Some advice on the subject can be found in the article by Richard Reis and in the book by Steven G. Krantz (the second link is from the discussion of the Secret Blogging Seminar’s post on the subject). As for the letters of recommendation for students, see also here, here and here.
I have just found some great advice on how to boost your citation count, i.e., get more citations for your publications (which may, as you well know, increase your visibility in the science world and your chances of getting tenure) . An interesting discussion of the so-called Matthew effect in science (to start, see the classical papers by Robert K. Merton here, here, and here) and its influence on the citation patterns can be found here.
As for the general advice on writing research papers, see excellent writing tips from the blog of Terence Tao.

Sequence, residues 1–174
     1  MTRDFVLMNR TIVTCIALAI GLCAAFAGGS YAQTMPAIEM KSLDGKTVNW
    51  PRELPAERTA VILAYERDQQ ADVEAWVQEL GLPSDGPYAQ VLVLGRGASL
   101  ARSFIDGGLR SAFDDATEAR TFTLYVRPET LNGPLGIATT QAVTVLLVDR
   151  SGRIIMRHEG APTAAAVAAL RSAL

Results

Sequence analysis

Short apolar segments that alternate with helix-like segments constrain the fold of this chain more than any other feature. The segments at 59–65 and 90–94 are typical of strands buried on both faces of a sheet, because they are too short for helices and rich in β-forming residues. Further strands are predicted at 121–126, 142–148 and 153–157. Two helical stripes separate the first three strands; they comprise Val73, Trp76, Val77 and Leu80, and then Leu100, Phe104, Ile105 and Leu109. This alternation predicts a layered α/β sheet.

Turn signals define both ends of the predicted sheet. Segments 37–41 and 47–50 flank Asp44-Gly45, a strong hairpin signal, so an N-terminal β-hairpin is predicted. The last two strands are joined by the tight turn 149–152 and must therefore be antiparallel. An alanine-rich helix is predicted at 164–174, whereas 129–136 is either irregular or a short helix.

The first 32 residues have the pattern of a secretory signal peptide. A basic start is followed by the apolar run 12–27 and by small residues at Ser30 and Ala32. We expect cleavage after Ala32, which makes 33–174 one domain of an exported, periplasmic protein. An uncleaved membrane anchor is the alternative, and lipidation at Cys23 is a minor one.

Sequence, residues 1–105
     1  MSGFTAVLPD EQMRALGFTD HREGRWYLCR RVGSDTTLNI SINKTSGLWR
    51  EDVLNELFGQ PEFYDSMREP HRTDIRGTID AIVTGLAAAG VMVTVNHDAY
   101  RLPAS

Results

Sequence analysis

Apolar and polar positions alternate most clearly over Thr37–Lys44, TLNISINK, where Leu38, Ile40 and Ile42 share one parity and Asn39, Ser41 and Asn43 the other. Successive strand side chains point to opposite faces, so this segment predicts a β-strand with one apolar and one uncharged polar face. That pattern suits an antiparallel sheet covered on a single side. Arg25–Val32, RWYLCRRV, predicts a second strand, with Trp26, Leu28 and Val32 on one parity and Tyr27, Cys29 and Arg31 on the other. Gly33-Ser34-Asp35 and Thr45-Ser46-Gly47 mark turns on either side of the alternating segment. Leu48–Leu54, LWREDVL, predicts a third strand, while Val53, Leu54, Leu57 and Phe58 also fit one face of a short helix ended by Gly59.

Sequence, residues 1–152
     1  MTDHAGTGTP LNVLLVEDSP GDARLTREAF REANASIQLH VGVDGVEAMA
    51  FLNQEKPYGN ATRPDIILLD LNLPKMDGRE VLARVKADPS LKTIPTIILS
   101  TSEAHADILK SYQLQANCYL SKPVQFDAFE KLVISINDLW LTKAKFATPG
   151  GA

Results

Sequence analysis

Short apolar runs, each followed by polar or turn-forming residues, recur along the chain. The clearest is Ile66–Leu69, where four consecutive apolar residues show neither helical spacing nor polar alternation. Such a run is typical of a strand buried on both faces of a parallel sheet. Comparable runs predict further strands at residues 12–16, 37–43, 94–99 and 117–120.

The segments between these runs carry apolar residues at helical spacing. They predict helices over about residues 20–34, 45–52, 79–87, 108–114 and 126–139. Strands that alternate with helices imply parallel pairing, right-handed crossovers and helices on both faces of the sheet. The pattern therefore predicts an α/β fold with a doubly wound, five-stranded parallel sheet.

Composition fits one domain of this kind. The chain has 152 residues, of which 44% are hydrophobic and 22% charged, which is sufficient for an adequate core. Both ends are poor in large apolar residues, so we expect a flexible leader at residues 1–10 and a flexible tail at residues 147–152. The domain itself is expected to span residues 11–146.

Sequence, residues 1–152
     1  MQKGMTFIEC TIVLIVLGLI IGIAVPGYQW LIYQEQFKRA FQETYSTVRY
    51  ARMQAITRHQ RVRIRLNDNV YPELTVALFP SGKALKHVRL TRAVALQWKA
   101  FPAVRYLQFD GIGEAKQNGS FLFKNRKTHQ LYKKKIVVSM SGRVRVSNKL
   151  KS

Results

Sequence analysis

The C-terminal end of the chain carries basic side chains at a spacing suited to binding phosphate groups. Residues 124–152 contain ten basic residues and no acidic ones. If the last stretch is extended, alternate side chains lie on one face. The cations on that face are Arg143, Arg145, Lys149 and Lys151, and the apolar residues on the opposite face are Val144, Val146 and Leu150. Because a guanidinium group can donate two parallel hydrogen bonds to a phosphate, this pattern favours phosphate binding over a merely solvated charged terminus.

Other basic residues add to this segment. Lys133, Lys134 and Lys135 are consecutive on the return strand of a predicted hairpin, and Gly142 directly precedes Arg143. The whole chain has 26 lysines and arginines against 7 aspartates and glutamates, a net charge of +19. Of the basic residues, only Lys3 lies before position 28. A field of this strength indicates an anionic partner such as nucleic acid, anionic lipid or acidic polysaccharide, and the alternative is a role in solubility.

Update 2: making your work available online (e.g. at the arXiv; see this post of Terence Tao for further details) can significantly increase its chances to be cited (but be careful with the copyright issues when making available the work you have already published).
Update 3: Also, quite obviously, publishing your paper in a high-impact journal may increase its chances of getting cited. But submitting your papers to the journals perceived as prestigious has plenty of caveats — see e.g. this post by Terence Tao and this post by Massimo.
Update 4: see this post about the citation trading at ectropy.info